2013 posts
885 upvotes
Tichi wrote:
Jul 24th, 2016 6:44 pm
I obviously give up and cannot resist NSA or likes surveillance...
So, i consider my own home internet/mobile internet providers to be safe enough..
With encryption etc safe enough for my banking etc...

My (and average Joe's) concern more about possible malicious agents on unknown/random wifi networks..
E.g is using my banking apps is safe enough over such networks... is logging to my gmail/outlook/work e-mail safe (presumably they all use TLS or whatever it is called encryption)... stuff like that... probabbly using ssh/sftp over a random wifi is safe, right?
Yes, everything that is from big providers and uses TLS is safe. Smaller sites may misconfigure TLS making it vulnerable but the chance of there being someone on the same network waiting to hack a weak TLS connection is very slim I would say. And Chrome usually doesn't show the lock icon if the server is misconfigured (i.e. hackable). I would say TLS over any open network is safe, at least until the encryption is broken which is probably at least a decade or two away for a non-state adversary.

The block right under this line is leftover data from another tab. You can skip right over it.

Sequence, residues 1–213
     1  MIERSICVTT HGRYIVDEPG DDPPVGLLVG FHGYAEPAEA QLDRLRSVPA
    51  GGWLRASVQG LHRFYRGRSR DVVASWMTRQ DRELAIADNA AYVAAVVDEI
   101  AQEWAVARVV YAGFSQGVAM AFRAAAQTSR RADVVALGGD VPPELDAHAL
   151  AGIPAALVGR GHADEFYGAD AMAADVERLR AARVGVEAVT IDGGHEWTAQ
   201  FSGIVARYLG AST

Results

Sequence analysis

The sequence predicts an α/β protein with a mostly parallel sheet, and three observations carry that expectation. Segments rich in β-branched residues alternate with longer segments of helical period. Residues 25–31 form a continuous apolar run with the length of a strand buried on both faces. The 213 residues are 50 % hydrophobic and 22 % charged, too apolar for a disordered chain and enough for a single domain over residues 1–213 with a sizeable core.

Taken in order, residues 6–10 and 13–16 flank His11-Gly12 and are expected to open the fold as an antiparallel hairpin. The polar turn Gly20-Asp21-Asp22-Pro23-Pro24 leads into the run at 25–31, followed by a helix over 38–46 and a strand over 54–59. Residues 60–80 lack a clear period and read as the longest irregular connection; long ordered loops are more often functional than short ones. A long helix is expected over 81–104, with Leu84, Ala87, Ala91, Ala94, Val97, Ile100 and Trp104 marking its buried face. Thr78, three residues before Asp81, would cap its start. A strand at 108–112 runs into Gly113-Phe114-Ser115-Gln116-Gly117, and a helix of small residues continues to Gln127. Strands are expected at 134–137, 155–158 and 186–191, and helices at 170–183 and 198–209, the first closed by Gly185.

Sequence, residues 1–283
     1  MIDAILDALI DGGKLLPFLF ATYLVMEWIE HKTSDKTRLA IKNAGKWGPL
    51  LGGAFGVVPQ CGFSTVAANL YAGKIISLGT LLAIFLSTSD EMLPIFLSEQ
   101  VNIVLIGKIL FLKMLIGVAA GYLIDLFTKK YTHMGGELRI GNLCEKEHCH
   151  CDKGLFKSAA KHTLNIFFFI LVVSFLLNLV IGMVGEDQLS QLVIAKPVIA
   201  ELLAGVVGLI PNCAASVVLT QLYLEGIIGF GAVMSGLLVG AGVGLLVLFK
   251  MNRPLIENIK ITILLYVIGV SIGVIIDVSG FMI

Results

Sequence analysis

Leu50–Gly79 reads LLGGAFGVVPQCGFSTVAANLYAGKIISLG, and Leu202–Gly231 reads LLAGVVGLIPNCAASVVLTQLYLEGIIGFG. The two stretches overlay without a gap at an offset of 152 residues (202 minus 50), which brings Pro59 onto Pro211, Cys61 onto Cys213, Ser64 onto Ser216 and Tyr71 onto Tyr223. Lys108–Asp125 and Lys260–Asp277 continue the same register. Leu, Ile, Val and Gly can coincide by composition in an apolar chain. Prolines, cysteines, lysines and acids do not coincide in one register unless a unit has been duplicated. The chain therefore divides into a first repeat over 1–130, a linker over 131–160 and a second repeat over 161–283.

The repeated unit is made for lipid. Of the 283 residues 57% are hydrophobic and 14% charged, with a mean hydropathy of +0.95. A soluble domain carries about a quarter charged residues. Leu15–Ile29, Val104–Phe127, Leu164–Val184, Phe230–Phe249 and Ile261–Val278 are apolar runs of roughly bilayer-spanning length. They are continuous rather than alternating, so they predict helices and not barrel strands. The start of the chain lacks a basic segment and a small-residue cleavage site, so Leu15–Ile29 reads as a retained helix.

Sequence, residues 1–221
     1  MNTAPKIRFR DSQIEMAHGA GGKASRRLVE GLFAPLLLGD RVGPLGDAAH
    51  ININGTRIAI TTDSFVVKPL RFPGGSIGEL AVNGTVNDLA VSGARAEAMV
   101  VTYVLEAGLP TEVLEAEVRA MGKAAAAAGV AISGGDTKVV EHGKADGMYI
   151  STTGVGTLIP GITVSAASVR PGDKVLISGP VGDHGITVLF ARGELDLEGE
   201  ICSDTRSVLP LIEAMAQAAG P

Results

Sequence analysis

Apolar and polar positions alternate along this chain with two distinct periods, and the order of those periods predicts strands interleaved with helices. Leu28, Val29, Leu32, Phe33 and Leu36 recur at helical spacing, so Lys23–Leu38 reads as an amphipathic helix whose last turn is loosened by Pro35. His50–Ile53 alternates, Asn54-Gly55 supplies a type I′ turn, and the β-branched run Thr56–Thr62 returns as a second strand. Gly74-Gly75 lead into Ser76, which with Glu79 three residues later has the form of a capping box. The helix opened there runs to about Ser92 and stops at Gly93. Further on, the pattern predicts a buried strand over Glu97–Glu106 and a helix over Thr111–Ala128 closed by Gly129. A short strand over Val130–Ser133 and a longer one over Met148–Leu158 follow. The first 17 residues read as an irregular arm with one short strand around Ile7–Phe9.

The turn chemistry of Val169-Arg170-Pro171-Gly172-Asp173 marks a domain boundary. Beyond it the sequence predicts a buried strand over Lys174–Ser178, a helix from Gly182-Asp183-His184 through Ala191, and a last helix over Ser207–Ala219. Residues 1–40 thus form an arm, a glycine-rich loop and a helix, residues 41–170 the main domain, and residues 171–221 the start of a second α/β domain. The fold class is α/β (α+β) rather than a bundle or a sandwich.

Sr. Member
Feb 3, 2013
594 posts
253 upvotes
Field BC
Tichi wrote:
Jul 24th, 2016 6:37 pm
google tells us that Fongo uses
low-bandwidth codec (SILK) or the higher bandwidth (PCMU) codec..

Are those modern/good for mobile internet?
If indeed Fongo uses SILK it's horrible implementation of it. Lag is so huge I have to talk like one way radio. A person I recommended going on data plan with Fongo also says voice calls are horrible.
[OP]
Sr. Member
May 5, 2008